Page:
With 3,961 credit unions reporting second quarter data loaded into Callahan Associates Peer-to-Peer software, projections indicate that the overall delinquency ratio will continue down a familiar path, with a twist.
The overall delinquency ratio is projected to be 0.74% for all credit unions in the U.S. That figure is the exact same as the delinquency ratio for the second quarter of 2015 and a 3 basis point increase over the first quarter’s 0.71%.
OVERALL DELINQUENCY RATIO
For U.S. Credit Unions* | Data as of 06.30.16
Callahan Associates | www.creditunions.com
Source: Peer-to-Peer Analytics by Callahan Associates
*For 3,961 credit unions
For the past several years, the industry has seen a sharp decrease in the delinquency ratio between the fourth and first quarters followed by a gentle, steady increase until the next fourth quarter. This cycle continues into 2016; however, the rates for this year’s cycle are higher.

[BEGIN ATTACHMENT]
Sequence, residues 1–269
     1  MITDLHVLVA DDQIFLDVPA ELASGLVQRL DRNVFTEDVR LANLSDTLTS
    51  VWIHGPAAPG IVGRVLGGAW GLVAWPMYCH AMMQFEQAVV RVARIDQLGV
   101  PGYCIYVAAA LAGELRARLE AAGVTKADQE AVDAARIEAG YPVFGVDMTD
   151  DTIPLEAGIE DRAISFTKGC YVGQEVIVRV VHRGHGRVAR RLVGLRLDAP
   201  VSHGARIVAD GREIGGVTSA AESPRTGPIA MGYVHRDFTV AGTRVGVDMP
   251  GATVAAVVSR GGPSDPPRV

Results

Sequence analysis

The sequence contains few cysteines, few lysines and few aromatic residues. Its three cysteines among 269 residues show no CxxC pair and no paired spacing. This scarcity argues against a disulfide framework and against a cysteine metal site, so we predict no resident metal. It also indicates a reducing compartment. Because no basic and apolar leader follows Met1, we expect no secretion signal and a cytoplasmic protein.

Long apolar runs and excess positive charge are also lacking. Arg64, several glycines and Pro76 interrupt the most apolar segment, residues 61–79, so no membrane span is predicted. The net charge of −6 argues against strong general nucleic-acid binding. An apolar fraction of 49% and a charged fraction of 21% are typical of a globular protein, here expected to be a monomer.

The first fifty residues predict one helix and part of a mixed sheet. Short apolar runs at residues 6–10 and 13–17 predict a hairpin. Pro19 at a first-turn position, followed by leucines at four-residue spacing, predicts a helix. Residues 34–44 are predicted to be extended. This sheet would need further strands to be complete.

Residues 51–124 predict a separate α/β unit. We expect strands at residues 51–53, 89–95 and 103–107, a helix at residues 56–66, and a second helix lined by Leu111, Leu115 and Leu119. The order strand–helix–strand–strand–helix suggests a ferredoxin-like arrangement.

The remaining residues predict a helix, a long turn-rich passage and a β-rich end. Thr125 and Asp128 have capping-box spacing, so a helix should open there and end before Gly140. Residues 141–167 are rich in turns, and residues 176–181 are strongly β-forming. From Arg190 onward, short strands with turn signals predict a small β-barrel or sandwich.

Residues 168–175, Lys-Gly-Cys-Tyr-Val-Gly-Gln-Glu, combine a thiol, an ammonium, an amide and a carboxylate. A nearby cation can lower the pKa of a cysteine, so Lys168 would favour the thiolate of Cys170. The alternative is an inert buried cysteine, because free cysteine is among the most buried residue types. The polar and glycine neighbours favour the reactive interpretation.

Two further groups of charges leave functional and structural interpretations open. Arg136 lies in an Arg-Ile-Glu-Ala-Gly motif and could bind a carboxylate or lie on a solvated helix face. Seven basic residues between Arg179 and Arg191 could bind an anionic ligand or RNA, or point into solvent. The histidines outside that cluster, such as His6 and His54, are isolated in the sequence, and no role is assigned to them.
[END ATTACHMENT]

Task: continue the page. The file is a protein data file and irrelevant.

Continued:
There’s the twist: The dip between the fourth and first quarter at the beginning of this year was the smallest since the Great Recession. It indicates that while the delinquency trends are following the same trajectory, the overall trend of year-over-year declining delinquency may be coming to a stop or at least a plateau.
First mortgage and auto loans make up the largest parts of the credit union loan portfolio, and their delinquent amounts drive the overall delinquency ratio. The first mortgage delinquency ratio is projected to be 0.65% for the second quarter of 2016, up 7 basis points from the year’s first quarter. Last year’s first mortgage delinquency in the second quarter was much higher at 0.80%, so it appears that other sources are pushing up the delinquency.
The most forceful driver is auto delinquency, which is projected to expand by 4 basis points year-over-year to 0.58%. Other delinquency rates, especially those from member business loans, student loans, and payday loans, are also creeping up preventing the overall delinquency from falling like it has in the past.
Credit union executives would be wise to monitor asset quality this quarter. By diving into risk factors and underwriting practices, they can work toward lowering their delinquency ratios.
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